On Tuesday (June 20), the hip-hop world received the unfortunate news that rapper Prodigy died at age 42. He passed away from complications with Sickle Cell Anemia, which he battled for most of his life. He even touched on this in songs like “Rock That Sh*t,” and “You Can Never Feel My Pain.”
Although much of P’s pain was rooted in his sickness, the rapper’s vexation, and–what seemed like– a lust for violence also spoke to deeper issues–pain from profound poverty and a stifling frustration of feeling hopeless. Yes, Prodigy was fortunate to get a record deal as a teenager, which furnished him with a very comfortable lifestyle. But Prodigy was so embedded in Queensbridge Housing Projects– the largest projects in America–that the underworld language and baggage never left him. Regardless of where one is from, ghettos cover every space in the U.S.
Even down south in Laurel, Mississippi.
I have always connected lyrics to my personal experiences. And while I have never been a violent person, I have definitely experienced violence and agony up close thanks to two of my homeboys back in the ‘Sip–one of whom loved Prodigy’s music.
Out of respect for my dawgs, their names will be changed to O-Dog and Don. Both men carried the same unwelcoming aura–if you didn’t know them–as Prodigy did. Sh*t, they even had permanent ice-grills plastered on their faces like Prodigy.
I remember when O came home from the Mississippi State Penitentiary. O-Dog served five years of a ten-year sentence for manslaughter. In fact, O and Don came home from prison around the same time. Don served a ten-year sentence for armed robbery. Both were around 25-27 years old when they came home — still young and wild. I was a baby-faced 17-year-old when I started running with O, who is also my cousin. He guided and schooled me to the rules of the underworld. I met Don through O. He wasn’t a hustler like me and O, but Don was still official. The kid was a shooter.
Not long after O-Dog came home from prison, he was shot with a 12-gauge shotgun, which took out a chunk of his left leg, and he was even grazed in his head with a buck shot. O was angry and violent before the shooting, but the attempt on his life only gave him a shorter fuse.
I remember we’d ride around listening to P’s H.N.I.C. album or Return of the Mac. “Mack 10 Handle” was one of Don’s favorite songs by P. We’d even listen to Mobb Deep’s Infamy album. O and Don loved P because the Queens native expressed agony and described the violence that we saw every day. In a way, P’s violent raps were Bible verses on how to survive in the streets. Now, I don’t advocate the street life but it’s a fact that many young black men are stuck in the streets and they have to survive. Unfortunately, violence is used as conduit to survival in criminal spaces. When one is in such an environment and chooses to partake in the street life, it becomes imperative that people understand how violent one can be. Or as Prodigy showed, it’s important for one to inflict severe pain on your enemy so they can understand that you are not for the games. Lives are stake here. That’s what Prodigy did in his raps. He was hurting, so he wanted his enemies to hurt as well.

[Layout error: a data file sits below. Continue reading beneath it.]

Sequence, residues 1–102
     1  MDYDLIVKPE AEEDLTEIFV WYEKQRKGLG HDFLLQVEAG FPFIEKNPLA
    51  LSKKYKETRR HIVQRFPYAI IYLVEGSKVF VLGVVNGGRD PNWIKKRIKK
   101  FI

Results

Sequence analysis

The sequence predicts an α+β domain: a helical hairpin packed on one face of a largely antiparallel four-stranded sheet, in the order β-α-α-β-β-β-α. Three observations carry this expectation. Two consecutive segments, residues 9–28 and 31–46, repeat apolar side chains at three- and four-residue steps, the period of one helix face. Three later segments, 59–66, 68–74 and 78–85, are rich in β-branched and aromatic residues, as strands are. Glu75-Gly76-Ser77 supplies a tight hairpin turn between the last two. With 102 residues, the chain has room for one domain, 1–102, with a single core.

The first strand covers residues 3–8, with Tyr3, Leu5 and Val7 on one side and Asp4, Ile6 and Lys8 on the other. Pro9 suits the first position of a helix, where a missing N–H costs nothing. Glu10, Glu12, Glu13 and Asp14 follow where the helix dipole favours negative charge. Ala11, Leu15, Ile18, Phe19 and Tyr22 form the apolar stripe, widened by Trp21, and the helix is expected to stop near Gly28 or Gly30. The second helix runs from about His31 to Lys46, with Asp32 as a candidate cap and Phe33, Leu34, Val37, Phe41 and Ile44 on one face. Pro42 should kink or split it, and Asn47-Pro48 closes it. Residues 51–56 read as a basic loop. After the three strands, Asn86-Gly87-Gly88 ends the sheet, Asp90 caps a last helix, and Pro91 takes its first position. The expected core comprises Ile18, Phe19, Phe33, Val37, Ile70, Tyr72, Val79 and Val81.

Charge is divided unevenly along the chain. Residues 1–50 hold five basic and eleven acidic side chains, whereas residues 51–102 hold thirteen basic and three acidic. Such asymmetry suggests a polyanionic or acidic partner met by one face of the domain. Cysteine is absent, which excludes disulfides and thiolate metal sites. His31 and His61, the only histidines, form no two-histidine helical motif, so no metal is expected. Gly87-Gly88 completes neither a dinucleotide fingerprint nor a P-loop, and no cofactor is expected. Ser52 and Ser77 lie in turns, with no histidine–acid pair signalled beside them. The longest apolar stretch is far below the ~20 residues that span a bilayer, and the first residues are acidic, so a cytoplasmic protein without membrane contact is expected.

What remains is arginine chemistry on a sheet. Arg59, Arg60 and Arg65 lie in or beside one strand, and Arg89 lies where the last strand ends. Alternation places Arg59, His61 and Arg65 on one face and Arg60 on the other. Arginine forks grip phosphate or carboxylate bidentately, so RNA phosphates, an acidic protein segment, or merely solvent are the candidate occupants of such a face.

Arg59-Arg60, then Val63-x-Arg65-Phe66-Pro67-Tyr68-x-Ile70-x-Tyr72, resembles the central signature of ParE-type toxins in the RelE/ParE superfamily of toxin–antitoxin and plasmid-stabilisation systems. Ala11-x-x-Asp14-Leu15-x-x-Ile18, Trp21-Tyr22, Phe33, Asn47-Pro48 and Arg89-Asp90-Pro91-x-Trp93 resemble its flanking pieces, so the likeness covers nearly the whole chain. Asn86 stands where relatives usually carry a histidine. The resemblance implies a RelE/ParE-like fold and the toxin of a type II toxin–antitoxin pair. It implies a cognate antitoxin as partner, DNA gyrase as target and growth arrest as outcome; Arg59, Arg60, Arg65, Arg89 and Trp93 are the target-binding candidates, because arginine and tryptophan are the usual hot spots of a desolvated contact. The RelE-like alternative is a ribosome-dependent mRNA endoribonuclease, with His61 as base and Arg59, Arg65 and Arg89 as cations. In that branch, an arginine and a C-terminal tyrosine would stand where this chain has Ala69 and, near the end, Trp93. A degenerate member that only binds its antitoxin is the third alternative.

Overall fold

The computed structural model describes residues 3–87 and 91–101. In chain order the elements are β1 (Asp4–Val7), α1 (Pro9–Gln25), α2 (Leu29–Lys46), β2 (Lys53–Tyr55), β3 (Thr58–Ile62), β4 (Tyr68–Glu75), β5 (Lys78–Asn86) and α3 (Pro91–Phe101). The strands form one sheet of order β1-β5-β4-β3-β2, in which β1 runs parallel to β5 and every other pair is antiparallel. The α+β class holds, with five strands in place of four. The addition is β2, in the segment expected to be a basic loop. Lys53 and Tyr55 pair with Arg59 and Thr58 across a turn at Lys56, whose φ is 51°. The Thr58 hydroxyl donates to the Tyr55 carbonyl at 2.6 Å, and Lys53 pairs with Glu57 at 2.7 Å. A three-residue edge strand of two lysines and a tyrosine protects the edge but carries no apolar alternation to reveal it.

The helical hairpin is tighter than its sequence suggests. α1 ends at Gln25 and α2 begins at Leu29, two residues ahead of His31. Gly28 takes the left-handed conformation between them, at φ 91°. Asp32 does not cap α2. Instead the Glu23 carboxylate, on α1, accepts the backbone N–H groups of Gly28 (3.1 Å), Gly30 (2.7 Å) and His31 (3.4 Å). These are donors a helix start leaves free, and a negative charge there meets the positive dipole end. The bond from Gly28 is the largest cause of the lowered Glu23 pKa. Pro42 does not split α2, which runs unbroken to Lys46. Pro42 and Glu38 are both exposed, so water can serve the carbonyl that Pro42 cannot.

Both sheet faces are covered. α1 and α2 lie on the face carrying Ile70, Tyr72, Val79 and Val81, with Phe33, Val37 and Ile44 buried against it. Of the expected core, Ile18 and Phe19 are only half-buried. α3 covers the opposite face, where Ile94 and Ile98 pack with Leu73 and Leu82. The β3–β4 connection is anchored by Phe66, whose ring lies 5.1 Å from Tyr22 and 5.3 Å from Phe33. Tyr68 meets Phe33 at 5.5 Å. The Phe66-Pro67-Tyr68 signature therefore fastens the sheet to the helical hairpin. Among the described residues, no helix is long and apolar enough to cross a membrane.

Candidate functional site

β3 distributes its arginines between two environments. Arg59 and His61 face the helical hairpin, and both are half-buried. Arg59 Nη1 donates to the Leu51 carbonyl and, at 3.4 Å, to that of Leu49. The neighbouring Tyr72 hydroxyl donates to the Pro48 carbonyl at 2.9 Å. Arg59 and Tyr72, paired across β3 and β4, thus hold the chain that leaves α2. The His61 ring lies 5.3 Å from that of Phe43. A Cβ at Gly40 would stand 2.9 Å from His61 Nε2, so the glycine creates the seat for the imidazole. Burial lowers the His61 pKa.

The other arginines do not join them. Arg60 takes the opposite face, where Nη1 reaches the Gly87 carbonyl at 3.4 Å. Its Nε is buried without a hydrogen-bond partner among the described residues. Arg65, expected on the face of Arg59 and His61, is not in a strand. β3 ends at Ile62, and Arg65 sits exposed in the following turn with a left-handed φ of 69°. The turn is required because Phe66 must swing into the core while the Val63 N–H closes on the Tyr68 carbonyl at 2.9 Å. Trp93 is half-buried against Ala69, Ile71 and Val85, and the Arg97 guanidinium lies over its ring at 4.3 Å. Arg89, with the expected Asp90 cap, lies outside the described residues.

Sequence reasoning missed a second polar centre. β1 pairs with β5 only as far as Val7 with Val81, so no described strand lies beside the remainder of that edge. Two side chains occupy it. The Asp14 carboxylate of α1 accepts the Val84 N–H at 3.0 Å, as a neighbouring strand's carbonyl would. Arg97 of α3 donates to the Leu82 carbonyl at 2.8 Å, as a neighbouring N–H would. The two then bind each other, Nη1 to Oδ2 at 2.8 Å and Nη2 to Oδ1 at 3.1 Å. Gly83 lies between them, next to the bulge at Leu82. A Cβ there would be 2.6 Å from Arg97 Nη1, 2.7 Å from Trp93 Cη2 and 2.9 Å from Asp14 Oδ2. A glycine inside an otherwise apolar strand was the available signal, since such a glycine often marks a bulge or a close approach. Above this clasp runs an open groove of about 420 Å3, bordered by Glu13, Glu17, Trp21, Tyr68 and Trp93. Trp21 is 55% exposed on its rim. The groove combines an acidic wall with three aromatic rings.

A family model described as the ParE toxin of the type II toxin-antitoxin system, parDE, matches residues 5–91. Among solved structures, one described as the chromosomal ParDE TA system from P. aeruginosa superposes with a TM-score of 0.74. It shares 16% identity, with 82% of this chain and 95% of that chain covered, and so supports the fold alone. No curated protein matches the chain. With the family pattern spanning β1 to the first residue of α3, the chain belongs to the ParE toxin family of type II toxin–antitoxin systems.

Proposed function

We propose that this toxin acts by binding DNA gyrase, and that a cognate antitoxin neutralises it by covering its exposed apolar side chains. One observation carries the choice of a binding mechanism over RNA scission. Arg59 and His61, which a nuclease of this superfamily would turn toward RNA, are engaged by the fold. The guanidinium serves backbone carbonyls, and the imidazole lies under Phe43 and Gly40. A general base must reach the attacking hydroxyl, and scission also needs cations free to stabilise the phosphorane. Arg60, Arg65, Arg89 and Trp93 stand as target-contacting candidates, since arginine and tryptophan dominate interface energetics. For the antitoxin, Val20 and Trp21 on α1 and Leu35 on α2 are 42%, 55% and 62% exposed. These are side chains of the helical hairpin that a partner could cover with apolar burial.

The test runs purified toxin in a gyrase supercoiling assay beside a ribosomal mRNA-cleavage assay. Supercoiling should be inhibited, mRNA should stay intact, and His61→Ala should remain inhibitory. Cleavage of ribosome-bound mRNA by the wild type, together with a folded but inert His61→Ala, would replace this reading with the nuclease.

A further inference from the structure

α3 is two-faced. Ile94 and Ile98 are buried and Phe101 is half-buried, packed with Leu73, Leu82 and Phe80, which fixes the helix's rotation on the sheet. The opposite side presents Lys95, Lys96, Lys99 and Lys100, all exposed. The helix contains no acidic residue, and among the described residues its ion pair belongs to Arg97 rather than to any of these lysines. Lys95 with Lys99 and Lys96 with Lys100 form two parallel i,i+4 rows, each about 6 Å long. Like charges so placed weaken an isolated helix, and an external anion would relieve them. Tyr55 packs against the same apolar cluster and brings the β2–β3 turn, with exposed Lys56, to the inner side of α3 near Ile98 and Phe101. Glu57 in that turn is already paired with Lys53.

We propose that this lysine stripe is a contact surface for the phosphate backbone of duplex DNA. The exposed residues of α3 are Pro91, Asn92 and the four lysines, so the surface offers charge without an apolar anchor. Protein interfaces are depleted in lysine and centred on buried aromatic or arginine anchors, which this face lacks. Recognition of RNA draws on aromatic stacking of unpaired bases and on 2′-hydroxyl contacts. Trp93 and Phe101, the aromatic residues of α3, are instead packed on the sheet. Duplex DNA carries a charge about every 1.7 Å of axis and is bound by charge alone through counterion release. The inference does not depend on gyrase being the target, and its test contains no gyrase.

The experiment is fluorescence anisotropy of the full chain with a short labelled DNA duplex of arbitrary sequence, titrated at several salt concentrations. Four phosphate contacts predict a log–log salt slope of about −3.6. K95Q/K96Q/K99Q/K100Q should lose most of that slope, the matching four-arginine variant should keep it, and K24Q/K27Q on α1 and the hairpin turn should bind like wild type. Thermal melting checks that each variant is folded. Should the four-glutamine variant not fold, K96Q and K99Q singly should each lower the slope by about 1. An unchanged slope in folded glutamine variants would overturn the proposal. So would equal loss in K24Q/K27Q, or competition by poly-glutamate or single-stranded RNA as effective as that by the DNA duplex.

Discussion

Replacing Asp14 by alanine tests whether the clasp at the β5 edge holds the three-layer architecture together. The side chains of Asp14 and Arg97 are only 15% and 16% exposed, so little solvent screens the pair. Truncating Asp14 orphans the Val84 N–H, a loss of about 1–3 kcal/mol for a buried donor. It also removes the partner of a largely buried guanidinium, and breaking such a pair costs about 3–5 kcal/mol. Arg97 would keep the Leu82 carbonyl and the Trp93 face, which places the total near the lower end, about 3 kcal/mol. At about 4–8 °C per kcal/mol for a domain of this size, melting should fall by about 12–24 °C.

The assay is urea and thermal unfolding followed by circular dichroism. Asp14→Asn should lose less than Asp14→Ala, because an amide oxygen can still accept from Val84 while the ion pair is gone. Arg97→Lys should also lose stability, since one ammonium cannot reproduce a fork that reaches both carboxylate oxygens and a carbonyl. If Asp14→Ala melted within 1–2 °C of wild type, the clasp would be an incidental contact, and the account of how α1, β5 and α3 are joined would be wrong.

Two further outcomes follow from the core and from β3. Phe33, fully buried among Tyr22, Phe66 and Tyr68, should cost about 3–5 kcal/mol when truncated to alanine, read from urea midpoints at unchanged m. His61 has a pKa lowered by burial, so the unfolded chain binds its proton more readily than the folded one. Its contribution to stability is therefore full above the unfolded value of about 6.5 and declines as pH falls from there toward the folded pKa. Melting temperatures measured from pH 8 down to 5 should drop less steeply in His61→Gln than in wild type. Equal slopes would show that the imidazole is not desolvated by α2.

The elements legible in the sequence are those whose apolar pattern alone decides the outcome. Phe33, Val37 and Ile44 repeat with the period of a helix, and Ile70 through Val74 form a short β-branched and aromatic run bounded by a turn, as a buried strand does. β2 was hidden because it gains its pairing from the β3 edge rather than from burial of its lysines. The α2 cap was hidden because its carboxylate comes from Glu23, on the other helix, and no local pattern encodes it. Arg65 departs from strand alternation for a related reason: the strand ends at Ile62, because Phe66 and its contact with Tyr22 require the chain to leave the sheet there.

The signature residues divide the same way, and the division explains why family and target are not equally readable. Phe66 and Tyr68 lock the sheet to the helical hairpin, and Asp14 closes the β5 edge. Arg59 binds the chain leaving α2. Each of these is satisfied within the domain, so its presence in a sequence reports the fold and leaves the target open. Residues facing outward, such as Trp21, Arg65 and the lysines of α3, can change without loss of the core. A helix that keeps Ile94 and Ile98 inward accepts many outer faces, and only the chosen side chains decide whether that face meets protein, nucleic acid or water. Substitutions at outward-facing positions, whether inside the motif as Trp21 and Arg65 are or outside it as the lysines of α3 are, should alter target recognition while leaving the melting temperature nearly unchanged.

There were many nights when O-Dog and I would ride through the streets of Laurel while talking about life’s discomforts. To deal with my uneasiness I read black history books or listened to music. Not O-Dog, though. He was from the school of Prodigy. O-Dog like P, wanted you to feel the pain that he felt. One night, I watched O-Dog beat a young man so bad that O cut his knuckles on the poor guy’s teeth. After the vicious beating, O went home to show his son his bloody knuckles. “Wake up,” he said. “You see how I beat a ni**a? This is how you beat a ni**a for getting out of line.”
When O-Dog’s bullet wounds would ache, he often talked about driving to Atlanta to make “that ni**a’s” mom feel what he felt. If you listen to P’s raps, he was so vicious and vivid in describing how bad he’d hurt an opponent. Describing this part of life in the ghetto is just one of the many reasons that made P a potent lyricist.
But there’s one particular event with O-Dog and Don that–maybe in some ways–traumatized me. O-Dog and I were hustling in my ’94 Crown Vic. We spotted Don on the block. At this particular moment, Don had an evil gleam in his eye, and he was teary-eyed and very upset. I’d never seen Don look so uncertain and evil.
“Man, them bi**hes offered me ten years. I can’t do no fu**ing ten,” Don said as he hopped in my car. Don had recently caught another armed robbery charge. “Man, put in the Prodigy, D, and O give me some powder.”
With “H.N.I.C.” blasting from the Crown Vic, and Don yelling that he’s tired of “bi**hes” playing with him, he snorted all of the cocaine that O gave him–in one sniff–and more tears fell from his eyes before telling me to let him out. Even today, it’s hard for me to describe all of the emotions that ran through my soul with seeing my friend in such a disoriented state.
But this story gets worse. The very next day, Don stabbed a man to death and even licked his victim’s blood off the knife. He was high on cocaine and drunk on liquor. He’s now serving a life sentence in the Mississippi State Penitentiary.
With all of this, P’s pain and violent raps represented not just my friends O-Dog and Don, but Prodigy spoke for an entire nation of thugs, who lack the stability and resources to get the help they need. There have been studies that prove that men who come from violent neighborhoods have PTSD, which in most cases go untreated for various reasons.
This is why us hip-hop journalists need to do a better job at exposing the deeper issues that MCs rap about as opposed to basic questions or searching for answers that will serve as click-bait. The violence comes from a real place–especially for those who really live that life. Some rappers aren’t just throwing words around. Pain, as Prodigy showed us, is a real issue.